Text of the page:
The IHS Markit Flash Eurozone PMI Composite output fell to 31.4 in March, down from 51.6 in February. According to the survey’s author, this is the lowest output since July 1998. Services PMI plunged to 28.4, down from 52.6 in February, while the Flash Eurozone Manufacturing PMI dropped to 44.8, down from 49.5 in February. The service sector was hit the hardest due to lockdown and travel restriction measures taken by governments to contain the pandemic spread. French business activity reached a 22-year low according to IHS Markit, with a Flash PMI Composite dropping from 52 in February to 30.2 in March. Germany’s Flash PMI Composite followed the same pattern, sliding from 50.7 in February to 37.2 in March.
APAC – The SSE composite Index ended the week up 0.97%, lifted by real estate, up 3.01% and conglomerates, up 1.42%. The Chinese bond market remained attractive to risk-averse investors. Indeed, the 10-Year yield decreased by 2.5 basis points last week to close at 2.61%, 19 basis points below the 50-day moving average. The Chinese Yuan started the week at CNY7.12 and ended the week at CNY7.08. The Yuan rally started after the U.S. Dollar/Yuan pair reached a five-month high on March 19 at CNY7.15 exchange rate. With up to four-month lead on other countries regarding the peak of the pandemic, China’s economy will likely be the first to show signs of recovery. Upcoming Caixin PMI report will provide further economic context regarding manufacturing activity in China.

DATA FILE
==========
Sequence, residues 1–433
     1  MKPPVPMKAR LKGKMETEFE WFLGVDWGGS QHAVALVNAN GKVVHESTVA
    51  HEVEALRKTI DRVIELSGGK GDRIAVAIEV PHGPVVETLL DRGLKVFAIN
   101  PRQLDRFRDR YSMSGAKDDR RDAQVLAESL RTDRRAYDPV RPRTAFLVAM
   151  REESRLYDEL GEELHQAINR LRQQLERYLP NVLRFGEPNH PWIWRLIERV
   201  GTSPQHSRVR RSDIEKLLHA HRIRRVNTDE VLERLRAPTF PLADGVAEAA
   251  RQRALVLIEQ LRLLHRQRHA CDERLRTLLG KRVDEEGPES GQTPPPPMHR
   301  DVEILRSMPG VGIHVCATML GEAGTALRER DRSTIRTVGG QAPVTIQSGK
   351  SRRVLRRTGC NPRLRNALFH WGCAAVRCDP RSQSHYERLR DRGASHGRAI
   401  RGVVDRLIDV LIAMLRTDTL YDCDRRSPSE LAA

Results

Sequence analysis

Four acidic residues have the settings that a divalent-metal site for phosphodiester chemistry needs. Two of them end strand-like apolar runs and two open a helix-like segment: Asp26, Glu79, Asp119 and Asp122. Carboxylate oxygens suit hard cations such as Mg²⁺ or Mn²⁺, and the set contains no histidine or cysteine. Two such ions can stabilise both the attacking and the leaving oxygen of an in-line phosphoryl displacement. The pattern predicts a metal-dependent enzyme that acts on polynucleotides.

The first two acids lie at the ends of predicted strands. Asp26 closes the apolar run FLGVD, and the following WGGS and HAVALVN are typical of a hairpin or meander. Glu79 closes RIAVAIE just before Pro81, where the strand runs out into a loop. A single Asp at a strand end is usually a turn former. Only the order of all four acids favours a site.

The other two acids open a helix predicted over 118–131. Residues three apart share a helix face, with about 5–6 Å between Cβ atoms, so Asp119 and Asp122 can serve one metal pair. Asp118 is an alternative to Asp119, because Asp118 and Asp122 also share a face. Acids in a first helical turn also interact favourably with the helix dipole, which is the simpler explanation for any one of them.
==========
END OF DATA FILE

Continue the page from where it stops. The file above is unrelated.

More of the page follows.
In Japan, the Nikkei 225 jumped 17.14% last week, led by chemicals, materials, utilities and consumer staples. Investors are still cautious despite liquidity relief provided by the Bank of Japan. The spread between low-beta and high-beta stocks continues to widen in favor of low volatility, stressing a large-scale portfolio rotation out of risky assets.
To reduce imported cases, the government expanded its travel ban to people travelling from the United States, South Korea, China and most of Europe. After monthlong closures, schools are expected to reopen in April according to the Japanese education ministry.